A police detective takes on a drugs lord in Lee Hae-young’s thriller


Source: NEW / Yong Film


Dir/Scr: Lee Hae-young. South Korea. 2018. 123mins

Lee Hae-young (The Silenced) packs enough explosions and adrenaline in his remake of Johnnie To’s action thriller Drug War (2012), about a police investigator working to bring down a drug lord, to draw in audiences both home and abroad. Although Liever unsurprisingly shares a number of similarities to the original, Lee — who co-wrote the script with Chung Seo-kyung (The Handmaiden) — takes it in a different direction, and leaves his own mark.

Overall, the film is stylistically impressive, underscoring Lee’s strong craftsmanship.

The film has performed strongly at the box office in Korea, pulling in over 1.8m viewers ($14.87m) since its release on May 22. With little in the way of competition until Jurassic World: Fallen Kingdom opens on June 6, it looks to build on this tally having already become Lee’s most successful film to date. And, given the film’s strong genre elements including audacious set-pieces, violent narrative and eccentric characters, it shouldn’t have a problem finding an audience overseas, especially among fans of Korean genre cinema, when it is released in North America through Well Go USA on June 8.  

At the centre of the story is a detective, Won-ho (Cho Jin-woong) who is determined to track down an elusive drug lord called Mr. Lee. There is a break in the case when an explosion at a drug lab which wipes out the upper management of a drug cartel almost kills a power broker (Kim Sung-ryoung), who then surrenders to the police and provides them with information. Also caught up in the blast is one of the members of the drug syndicate named Rak (Ryu Jun-yeol).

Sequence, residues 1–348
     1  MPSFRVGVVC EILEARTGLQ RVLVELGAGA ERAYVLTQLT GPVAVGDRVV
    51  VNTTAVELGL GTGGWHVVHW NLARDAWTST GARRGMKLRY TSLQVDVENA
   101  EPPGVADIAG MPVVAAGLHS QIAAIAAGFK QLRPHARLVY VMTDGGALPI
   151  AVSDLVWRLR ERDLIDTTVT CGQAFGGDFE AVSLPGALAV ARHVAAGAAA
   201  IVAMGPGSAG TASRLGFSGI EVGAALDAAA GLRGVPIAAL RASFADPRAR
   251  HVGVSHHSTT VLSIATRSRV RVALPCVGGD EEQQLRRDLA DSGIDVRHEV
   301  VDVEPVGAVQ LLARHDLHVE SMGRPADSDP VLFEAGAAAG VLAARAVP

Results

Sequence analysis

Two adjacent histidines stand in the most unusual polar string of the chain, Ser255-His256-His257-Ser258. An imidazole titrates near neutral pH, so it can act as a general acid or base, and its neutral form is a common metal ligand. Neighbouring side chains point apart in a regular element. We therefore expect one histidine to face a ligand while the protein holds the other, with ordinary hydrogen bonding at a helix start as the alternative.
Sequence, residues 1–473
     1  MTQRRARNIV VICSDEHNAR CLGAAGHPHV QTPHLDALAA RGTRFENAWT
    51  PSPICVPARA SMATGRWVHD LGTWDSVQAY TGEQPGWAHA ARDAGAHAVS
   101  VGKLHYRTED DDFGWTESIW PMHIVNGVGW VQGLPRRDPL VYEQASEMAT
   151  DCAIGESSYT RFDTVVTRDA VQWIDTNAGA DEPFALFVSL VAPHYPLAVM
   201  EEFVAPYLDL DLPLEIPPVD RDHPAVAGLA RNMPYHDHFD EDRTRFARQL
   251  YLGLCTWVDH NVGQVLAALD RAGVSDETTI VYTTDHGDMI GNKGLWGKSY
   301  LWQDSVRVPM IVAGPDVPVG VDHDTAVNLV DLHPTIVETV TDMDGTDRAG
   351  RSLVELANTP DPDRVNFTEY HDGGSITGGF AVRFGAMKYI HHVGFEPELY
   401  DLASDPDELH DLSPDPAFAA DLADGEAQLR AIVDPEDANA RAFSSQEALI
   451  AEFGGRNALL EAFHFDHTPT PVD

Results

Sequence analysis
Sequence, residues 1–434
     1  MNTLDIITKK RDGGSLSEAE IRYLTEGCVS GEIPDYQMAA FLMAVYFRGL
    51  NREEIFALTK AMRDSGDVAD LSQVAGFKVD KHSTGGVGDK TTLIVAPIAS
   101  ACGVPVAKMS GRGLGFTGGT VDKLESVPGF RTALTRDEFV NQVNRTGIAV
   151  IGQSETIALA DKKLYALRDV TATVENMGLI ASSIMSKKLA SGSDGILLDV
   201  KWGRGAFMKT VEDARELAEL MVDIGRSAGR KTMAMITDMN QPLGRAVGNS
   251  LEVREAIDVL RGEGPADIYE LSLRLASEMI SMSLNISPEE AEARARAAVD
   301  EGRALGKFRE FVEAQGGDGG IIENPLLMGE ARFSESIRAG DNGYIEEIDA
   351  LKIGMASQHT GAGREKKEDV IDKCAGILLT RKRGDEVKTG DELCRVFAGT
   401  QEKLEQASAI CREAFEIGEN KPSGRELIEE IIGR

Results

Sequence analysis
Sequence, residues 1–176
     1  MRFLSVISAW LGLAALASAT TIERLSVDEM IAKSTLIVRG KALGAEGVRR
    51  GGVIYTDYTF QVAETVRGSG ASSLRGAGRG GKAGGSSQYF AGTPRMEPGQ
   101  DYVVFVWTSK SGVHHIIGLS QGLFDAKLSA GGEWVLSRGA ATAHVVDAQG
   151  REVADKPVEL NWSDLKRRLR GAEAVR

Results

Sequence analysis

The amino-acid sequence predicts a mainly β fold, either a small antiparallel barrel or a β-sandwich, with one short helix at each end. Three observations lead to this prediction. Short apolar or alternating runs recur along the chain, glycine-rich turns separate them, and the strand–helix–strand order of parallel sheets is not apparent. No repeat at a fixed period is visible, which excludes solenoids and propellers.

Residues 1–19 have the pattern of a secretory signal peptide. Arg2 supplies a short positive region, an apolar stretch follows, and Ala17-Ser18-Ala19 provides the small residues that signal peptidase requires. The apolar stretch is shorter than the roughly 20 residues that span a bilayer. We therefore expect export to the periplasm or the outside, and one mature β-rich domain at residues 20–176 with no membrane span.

After being apprehended, Rak agrees to assist Won-ho with his investigation. In so doing, Rak enables Won-ho to go undercover and meet a number of individuals involved in the drug trade including Sun-chang (Park Hae-jun), a founding member of the syndicate and a ruthless Chinese-Korean figure called Jin Ha-rin (Kim Joo-hyuk) who comes to Seoul after being approached by the mysterious head of a drug organisation with a business proposition.  

Akin to Lee’s handsomely produced The Silenced, it’s expertly shot with an abundance of aerial imagery that captures the beautiful landscape of rural and urban Korea, along with Norway where parts of the film were shot. Overall, the film is stylistically impressive, underscoring Lee’s strong craftsmanship.

Where the film falters somewhat, however, is in its character development. With too many villainous roles, the narrative focus is on solving the identity of Mr. Lee and catching him, at the expense of developing the relationship between Rak and Won-ho that lacks enough chemistry.

Still, despite the congested narrative, there is much to keep audiences entertained including the compelling performances by the entire cast. In particular, the late Kim Joo-hyuk (The Truth Beneath), who was tragically killed in a car accident last year is excellent in his final performance as the Chinese-Korean drug lord. Also of notice is the talented young actor Ryu Jun-yeol (A Taxi Driver), who is able to bring a bit of mystery to his captivating role.

Production Company: Yong Film

International Sales: Contents Panda (sales@its-new.co.kr)

Executive Producer: Young Kim

Producers: Syd Lim, Jung Hee-soon

Screenplay: Lee Hae-young, Chung Seo-kyung

Cinematography: Kim Tae-kyung

Production Design: Lee Ha-jun

Editing: Yang Jin-mo

Music: Dalpalan

Main Cast: Cho Jin-woong, Ryu Jun-yeol, Kim Sung-ryoung, Park Hae-jun, Cha Seung-won, Kim Joo-hyuk